I put my hand over my nose to try and block out the lethal fumes and walked through Mrs. Ivanovich’s front door. Inside, the place had been set up like one huge killing jar. Bowls all over, on the shelves, the gram, everywhere, with that chemical shit inside. The fumes’d filled the room, then Mrs. I.’s lungs, then each one of the cells inside her. Pop. Pop-te-pop, pop, pop.

She was sat on the sofa with one eye open and one eye closed, like she was winking at me. The eye what was open freaked me out so I walked over and closed it. The skin on her eyelid felt like cold fish. With her eyes closed she looked better, like she was having a quick nap. I noticed she had summat in her arms then, was hugging it to her like a doll. I pulled it out from under her elbow. It were a butterfly in a smart glass case. Framed to go on the wall, like a picture. Not one like you’d see in the garden, with green-white leafy wings, or even them red velvety boggers you’d see if you waited long enough. This was shiny. Its wings were blue and black and looked like metal. A pin skewered through its body and held it fast against a bit of card, and underneath there was some writing. I didn’t feel proud of me-sen but I couldn’t leave it there for Mrs. Ivanovich’s daughter to find. She wouldn’t know what it were. Wouldn’t care. So I tucked it in the waistband of my skirt and pulled my T-shirt down over it, was careful how I walked.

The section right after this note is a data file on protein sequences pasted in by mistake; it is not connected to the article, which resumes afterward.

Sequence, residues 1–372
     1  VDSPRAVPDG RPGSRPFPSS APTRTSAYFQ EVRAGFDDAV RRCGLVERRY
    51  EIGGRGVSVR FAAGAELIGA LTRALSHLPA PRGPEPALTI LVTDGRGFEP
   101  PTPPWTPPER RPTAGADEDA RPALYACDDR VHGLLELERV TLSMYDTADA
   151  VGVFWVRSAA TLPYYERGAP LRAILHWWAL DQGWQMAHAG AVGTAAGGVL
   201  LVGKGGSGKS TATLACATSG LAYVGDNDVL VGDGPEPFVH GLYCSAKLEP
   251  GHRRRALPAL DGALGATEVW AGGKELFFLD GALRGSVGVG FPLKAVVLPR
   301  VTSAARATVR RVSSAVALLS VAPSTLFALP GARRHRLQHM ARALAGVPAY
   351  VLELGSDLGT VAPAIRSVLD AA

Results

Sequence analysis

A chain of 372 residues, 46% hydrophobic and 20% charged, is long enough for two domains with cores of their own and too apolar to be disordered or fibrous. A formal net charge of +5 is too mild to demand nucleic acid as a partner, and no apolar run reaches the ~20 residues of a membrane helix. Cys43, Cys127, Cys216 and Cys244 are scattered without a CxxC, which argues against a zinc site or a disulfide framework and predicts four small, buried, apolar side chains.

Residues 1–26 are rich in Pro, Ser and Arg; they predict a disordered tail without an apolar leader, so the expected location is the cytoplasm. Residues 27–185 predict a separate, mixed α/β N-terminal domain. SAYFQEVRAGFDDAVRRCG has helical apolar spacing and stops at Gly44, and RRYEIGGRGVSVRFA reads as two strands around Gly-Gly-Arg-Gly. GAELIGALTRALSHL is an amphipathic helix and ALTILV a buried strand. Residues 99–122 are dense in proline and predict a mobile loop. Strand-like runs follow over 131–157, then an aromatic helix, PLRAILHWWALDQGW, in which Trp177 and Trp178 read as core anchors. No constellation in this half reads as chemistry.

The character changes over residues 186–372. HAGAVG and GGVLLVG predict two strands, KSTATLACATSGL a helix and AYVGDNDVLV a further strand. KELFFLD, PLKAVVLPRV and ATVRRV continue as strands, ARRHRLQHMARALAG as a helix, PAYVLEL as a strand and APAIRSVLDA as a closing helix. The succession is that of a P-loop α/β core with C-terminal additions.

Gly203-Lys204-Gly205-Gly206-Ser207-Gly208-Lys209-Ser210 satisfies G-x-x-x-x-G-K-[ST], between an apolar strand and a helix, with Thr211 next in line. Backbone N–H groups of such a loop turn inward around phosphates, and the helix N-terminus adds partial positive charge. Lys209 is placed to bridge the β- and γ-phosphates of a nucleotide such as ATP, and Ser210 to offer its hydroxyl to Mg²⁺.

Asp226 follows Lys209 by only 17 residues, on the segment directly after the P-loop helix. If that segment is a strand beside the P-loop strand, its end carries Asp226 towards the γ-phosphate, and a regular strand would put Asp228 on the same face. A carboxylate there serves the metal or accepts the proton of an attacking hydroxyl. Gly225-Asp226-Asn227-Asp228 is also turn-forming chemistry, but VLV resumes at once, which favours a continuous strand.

I went through to the kitchen and kicked open the back door before the stuff got to me too. I went out and shoved my find under the hedge. I had a thought then, and ran back into the kitchen. Under the sink was a big bottle, the leftover cyanide. I took it, though Christ knows what all I can of thought I’d need it for. I hid it in the same spot of privet as the dead butterfly. I heard noises in the house and backed away from the hedge quick as. I could see the butterfly cage from where I was stood and knew it wouldn’t take much of them gases to do for the delicate boggers. I walked over and looked at them one last time. Then I opened the cage and let them go.

There wasn’t many butterflies left in the cage, and a couple were dead already. But them as could fluttered straight off. They wouldn’t have long, I knew that. Summer was over.